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1 March 2016 “Useful to Us in Unknown Ways”: Seed Conservation and the Quest for Novel Human-Plant Relationships for the 21st Century
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Contemporary environmental threats inspire the formation of new global communities and relationships: networks that both transcend nations and local environmental interactions and forge novel assemblages of human and non-human collaborations in a bid to “reset their modes of being” (Scott 2013:864). The Millennium Seed Bank Partnership (MSBP), for example, is the largest ex situ plant conservation project in the world and brings together partners from over 80 countries in an endeavor to conserve seeds from rare, wild plant species. As the potential use of the wild plant becomes increasingly central to the conservation relationship at the MSBP and implicated within a wider discourse on the neoliberalization of conservation, this paper explores how the term “use” may in fact encompass a nascent desire to reframe the human-plant relationship. By critically evaluating the values and intentions behind the quest for novel plant-uses by those who work within the MSBP, this paper examines the implications of seed-saving within a contemporary conservation institution. For those involved, rather than objectifying and creating a utilitarian relationship with nature, the concept of use is indicative of an aspiration to foster intimate, reciprocal relationships with their non-human counterparts, operating within an ontology in which humans and plants are interdependent. This paper argues that at a time when sustaining ontological diversity is key to ensuring cultural resilience and adaptation to environmental challenges, it is vital that ethnobiologists engage not only with traditional models, but also explore what innovative, intentional relationships with nature may be emerging from within conservation.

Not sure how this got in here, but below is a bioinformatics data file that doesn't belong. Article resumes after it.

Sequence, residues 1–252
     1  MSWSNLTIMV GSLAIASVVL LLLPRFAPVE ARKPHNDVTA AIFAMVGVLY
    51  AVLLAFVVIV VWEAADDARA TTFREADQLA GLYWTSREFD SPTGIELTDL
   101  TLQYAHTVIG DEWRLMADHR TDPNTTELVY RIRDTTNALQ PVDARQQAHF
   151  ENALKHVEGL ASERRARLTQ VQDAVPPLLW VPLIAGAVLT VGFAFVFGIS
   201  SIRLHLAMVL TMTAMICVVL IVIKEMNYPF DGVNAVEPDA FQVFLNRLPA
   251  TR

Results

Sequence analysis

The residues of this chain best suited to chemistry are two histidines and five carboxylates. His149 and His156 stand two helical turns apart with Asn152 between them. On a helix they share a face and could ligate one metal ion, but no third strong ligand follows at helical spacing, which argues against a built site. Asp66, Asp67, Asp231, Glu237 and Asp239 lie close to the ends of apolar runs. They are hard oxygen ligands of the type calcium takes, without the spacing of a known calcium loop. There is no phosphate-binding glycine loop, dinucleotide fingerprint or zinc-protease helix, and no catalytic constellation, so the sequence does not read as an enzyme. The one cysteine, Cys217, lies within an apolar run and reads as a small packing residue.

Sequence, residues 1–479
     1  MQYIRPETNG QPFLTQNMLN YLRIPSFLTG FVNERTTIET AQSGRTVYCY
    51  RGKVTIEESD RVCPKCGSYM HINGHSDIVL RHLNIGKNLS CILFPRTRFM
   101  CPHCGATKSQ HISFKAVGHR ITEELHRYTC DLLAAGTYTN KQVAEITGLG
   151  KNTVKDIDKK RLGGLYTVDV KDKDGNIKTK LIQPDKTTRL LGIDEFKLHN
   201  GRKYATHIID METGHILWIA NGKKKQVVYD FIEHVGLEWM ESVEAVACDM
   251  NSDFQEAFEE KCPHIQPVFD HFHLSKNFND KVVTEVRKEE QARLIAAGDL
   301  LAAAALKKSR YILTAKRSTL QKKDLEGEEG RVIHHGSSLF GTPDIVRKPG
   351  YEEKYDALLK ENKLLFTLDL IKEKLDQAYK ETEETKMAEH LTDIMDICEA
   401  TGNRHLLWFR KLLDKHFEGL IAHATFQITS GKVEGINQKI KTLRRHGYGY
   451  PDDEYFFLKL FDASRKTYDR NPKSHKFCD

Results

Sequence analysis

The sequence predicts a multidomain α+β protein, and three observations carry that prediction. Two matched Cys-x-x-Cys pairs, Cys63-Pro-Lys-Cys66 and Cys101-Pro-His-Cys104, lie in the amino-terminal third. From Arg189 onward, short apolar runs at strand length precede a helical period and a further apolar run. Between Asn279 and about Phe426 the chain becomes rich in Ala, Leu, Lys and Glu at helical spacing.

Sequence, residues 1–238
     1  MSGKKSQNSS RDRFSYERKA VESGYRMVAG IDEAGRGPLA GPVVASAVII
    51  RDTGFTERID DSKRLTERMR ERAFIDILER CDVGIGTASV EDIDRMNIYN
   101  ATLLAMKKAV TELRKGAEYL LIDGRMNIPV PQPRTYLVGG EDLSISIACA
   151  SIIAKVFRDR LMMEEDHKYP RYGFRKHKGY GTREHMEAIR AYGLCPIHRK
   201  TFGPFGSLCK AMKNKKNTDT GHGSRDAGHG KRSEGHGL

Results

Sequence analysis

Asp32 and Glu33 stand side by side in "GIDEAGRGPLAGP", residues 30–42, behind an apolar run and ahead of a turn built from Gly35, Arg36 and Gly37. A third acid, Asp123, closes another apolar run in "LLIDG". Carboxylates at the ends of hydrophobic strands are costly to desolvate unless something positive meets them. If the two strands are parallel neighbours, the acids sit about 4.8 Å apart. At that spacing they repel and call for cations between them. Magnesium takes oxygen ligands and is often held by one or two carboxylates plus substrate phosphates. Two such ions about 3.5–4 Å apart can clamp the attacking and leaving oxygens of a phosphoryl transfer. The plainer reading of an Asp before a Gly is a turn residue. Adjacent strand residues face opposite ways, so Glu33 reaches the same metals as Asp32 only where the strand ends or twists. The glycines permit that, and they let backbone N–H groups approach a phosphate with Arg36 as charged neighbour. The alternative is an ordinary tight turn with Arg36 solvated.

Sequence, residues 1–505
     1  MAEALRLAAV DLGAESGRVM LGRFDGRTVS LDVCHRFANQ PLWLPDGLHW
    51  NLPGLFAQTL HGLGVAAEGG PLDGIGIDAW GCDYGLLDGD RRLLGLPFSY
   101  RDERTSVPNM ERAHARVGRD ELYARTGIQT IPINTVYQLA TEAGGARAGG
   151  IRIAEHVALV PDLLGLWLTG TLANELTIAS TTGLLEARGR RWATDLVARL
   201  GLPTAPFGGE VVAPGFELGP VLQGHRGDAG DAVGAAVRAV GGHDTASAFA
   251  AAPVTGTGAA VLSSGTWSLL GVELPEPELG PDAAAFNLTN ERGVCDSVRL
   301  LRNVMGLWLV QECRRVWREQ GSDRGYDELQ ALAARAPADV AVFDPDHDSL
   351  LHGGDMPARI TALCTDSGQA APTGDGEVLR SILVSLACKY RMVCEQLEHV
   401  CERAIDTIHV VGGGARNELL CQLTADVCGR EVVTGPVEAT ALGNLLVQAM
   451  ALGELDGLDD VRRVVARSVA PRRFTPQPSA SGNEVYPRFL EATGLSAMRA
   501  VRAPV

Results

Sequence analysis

© 2016 Society of Ethnobiology
Kay E. Lewis-Jones "“Useful to Us in Unknown Ways”: Seed Conservation and the Quest for Novel Human-Plant Relationships for the 21st Century," Journal of Ethnobiology 36(1), 66-84, (1 March 2016).
Published: 1 March 2016

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